On 17 October 2006, an Amnesty International, Oxfam, and International Action Network on Small Arms joint-research effort in Ituri found US, Russian, Chinese, South African, and Greek bullets. The researchers stated that: “this is just one example of how lax arms controls fuel conflict and suffering worldwide. UN arms embargoes are like dams against tidal waves.”
On 11 October 2006, as part of the agreement that led to the release of the Nepalese peacekeepers and following a ministerial decree signed on 2 October, Congolese Defence Minister Adolphe Onusumba announced that FNI leader Peter Karim and Congolese Revolutionary Movement (MRC) leader Martin Ngudjolo were both appointed to the rank Colonel in the Congolese army, commanding 3,000 troops each.
Disarmament and reconciliation
The conflict has also seen the abduction and enslavement of civilians by armed troops. On October 16, 2006, the Human Rights Watch stated that the DRC government needs to investigate and prosecute members of its army who participated in the abduction of civilians and their use as forced labor and called to end the practice. The whereabouts of nine civilians abducted on September 17 and 20 civilians abducted on August 11 remains unknown.
On 30 October a Congolese army officer, alleged to have been drunk, shot and killed two election officials in the town of Fataki, which provoked a riot. He was sentenced to death the next day. On November 24, DRC's military prosecutor announced that three mass graves, containing the bodies of about 30 people, were discovered in Bavi, Ituri. The commander of the battalion stationed in the town and a captain in charge of maintaining discipline were arrested.
In November 2006 the Ituri Patriotic Resistance Front, the last of the three militias involved in the conflict, agreed to a deal by which up to 5000 fighters would release hundreds of child soldiers and disarm in exchange for an amnesty. Militia members will be incorporated into the national army and their leaders made officers in the wake of general elections endorsing the government of Joseph Kabila. The FNI became the last militia to begin turning over its weapons in April 2007, though disarmament and demobilization continued through May.
Germain Katanga, the former leader of the FRPI, was surrendered on 17 October 2007 by the Congolese authorities to the International Criminal Court. On 7 March 2014 Katanga was convicted by the ICC on five counts of war crimes and crimes against humanity, as an accessory to the February 2003 massacre in the village of Bogoro. The verdict was the second-ever conviction for the International Criminal Court, following the conviction of Thomas Lubanga Dyilo.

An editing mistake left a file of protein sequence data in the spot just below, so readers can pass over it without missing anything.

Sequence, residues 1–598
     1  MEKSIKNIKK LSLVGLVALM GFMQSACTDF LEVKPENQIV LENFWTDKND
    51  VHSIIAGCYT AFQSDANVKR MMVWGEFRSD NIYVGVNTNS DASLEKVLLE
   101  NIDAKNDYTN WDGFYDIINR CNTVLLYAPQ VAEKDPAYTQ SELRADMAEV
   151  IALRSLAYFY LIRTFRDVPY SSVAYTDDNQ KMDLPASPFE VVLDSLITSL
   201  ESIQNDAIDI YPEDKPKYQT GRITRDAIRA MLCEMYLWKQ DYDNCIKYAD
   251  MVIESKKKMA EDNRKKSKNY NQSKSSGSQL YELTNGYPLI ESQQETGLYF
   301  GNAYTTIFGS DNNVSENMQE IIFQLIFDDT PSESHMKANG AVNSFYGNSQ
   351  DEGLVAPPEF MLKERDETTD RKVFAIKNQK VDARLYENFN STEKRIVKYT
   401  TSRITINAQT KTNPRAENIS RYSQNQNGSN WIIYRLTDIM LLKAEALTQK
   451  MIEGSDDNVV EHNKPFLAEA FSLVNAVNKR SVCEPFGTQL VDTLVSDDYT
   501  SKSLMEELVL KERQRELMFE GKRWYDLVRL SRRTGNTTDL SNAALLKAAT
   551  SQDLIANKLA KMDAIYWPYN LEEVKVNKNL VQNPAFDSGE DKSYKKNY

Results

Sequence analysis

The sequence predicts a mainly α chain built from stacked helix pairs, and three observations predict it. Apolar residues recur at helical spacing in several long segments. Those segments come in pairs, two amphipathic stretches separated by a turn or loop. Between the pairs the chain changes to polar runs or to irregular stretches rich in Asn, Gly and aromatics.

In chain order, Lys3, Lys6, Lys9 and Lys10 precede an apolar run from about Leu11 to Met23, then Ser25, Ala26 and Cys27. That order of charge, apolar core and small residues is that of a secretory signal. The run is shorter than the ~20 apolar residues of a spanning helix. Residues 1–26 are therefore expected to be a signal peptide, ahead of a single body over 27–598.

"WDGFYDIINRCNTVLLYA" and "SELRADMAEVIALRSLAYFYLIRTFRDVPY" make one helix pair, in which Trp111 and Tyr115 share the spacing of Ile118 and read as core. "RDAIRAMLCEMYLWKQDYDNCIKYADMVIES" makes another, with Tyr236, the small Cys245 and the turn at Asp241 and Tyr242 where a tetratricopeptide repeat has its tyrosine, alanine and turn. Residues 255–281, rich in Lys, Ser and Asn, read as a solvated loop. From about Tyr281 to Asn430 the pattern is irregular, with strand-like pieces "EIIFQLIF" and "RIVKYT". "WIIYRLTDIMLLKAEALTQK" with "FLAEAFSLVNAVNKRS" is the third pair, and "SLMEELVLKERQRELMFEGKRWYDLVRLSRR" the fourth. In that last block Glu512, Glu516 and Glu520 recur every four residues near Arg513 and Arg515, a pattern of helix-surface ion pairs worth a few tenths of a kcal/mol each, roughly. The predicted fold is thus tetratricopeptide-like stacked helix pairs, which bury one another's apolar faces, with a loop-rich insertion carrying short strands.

Low-level continuation (2008–present)
Even as the Second Congo War wound to an official end in 2003, for the next several years a low level conflict continued in Ituri, with tens of thousands more killed. The continued conflict has been blamed both on the lack of any real authority in the region, which has become a patchwork of areas claimed by armed militias, and the competition among the various armed groups for control of natural resources in the area. The largest of these rebel groups is the Front for Patriotic Resistance in Ituri (FPRI), a Lendu-based group formed in 2002.
FRPI attacks (2008–2012)
Despite agreeing to a ceasefire in 2006, a splinter group of FRPI militants began launching sporadic attacks on government forces and the civilian population beginning in 2008. These attacks included many atrocities, including rape, arson, and looting.
In January 2010, Kakado Barnaba Yunga, the spiritual leader of the FPRI was brought to trial in Bunia. Yunga was accused of launching a rebellion, looting, rape, and cannibalism, among other crimes.
FARDC counter-attacks and surrender offers (2012–2014)
As the attacks from the FRPI mounted, the FARDC (the Congolese military) began large-scale operations against them. Cows and other stolen property were recovered and returned to the local population. Slowly, FRPI militants began disbanding, and many were incorporated into the FARDC.
FRPI new offensives (2014–present)
In spite of government efforts, the FRPI has managed to launch attacks against civilians up to the present day, experiencing a resurgence after 2014. More property has been stolen and more crimes have been committed. It is possible that the militants are using bases in Uganda to aid in operations.